John Wells is an agent for the CIA.
Born and raised in Montana, son of a skilled surgeon who had expected his son to follow his example, Wells opted for more adventure and joined the military. From there he was recruited by the CIA. After training, and probably some field experience, he was chosen for an incredibly difficult and self-sacrificing assignment - declaring his hatred of his own country and joining the most rabid of terrorist organizations, Al Qaeda.
As the series begins, he has been working as an undercover agent for more than five years, joining months before the 9/11 attacks. When the Twin Towers fell, Wells, who had been nowhere near enough to the top to have an inkling of the event, was hit with incredibly strong emotions. On the surface he had to celebrate the attack on the Great Satan while inwardly he loathed all those around him for the murders and blamed himself for not having figured it out. Wanting very much to get out but determined to stay to help fight from within, Wells had to walk a terribly thin line. Too much zeal would be suspicious while not enough would get him killed.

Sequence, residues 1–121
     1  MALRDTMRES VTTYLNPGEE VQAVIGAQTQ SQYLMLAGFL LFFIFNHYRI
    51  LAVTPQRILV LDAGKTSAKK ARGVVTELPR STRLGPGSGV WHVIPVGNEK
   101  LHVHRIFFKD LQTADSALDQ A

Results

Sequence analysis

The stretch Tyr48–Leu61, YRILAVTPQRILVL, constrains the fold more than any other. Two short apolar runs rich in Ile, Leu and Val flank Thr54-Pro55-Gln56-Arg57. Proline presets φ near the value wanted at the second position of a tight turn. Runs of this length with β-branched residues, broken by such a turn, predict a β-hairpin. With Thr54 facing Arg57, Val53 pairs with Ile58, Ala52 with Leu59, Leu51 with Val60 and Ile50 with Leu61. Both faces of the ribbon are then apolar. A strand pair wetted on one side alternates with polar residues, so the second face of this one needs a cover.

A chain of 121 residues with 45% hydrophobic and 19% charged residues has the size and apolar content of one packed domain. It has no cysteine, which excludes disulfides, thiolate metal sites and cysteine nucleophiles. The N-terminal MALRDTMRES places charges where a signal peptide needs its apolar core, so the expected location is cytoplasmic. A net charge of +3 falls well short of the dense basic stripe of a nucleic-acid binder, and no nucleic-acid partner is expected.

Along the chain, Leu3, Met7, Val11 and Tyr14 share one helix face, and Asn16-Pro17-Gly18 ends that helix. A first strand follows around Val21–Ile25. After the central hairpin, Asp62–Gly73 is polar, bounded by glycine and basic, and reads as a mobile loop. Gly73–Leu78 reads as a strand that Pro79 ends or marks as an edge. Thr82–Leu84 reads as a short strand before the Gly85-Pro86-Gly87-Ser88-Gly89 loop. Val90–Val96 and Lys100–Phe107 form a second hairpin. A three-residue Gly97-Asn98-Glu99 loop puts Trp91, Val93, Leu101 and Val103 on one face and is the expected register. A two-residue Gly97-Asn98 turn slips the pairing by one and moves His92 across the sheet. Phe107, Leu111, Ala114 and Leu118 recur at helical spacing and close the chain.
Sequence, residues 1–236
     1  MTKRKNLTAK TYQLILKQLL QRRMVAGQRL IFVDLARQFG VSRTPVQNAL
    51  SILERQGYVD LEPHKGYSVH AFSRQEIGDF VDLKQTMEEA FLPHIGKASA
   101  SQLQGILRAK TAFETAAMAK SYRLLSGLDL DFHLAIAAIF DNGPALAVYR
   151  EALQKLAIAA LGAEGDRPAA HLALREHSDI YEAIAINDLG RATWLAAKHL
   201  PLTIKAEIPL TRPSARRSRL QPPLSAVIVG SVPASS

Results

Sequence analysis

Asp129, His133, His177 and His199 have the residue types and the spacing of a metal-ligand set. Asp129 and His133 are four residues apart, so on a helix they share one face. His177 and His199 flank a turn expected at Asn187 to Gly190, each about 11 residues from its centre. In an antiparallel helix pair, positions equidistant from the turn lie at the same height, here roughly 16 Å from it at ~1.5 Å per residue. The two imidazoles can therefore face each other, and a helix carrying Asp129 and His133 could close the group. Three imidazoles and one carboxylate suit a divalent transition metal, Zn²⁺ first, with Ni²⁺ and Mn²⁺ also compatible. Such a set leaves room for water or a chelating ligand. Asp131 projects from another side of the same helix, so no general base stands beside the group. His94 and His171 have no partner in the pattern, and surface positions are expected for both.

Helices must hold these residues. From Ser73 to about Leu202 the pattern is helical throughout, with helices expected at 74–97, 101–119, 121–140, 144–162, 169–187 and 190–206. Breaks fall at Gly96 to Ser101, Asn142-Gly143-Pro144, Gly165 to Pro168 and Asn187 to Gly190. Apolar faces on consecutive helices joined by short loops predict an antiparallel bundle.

The series' best aspect is the intriguing attitude that comes over the leaders who send a qualified man into the field, let or make him work undercover for months or years, and then wonder whether the man can still be trusted. Has the agent become a follower of the cause, passing on harmful disinformation? And even if they do finally listen, what do you do with the agent afterwards? Try to "reindoctrinate" him? Send him back? Discard him?
That is what Wells finds out the hard way and the series deals largely with how he deals with that. Even after he returns, though, the missions change but the dangers do not and Wells finds himself constantly walking into danger to keep others safe.
Note: the first book in the series, The Faithful Spy, was the prestigious Edgar Award winner in 1997.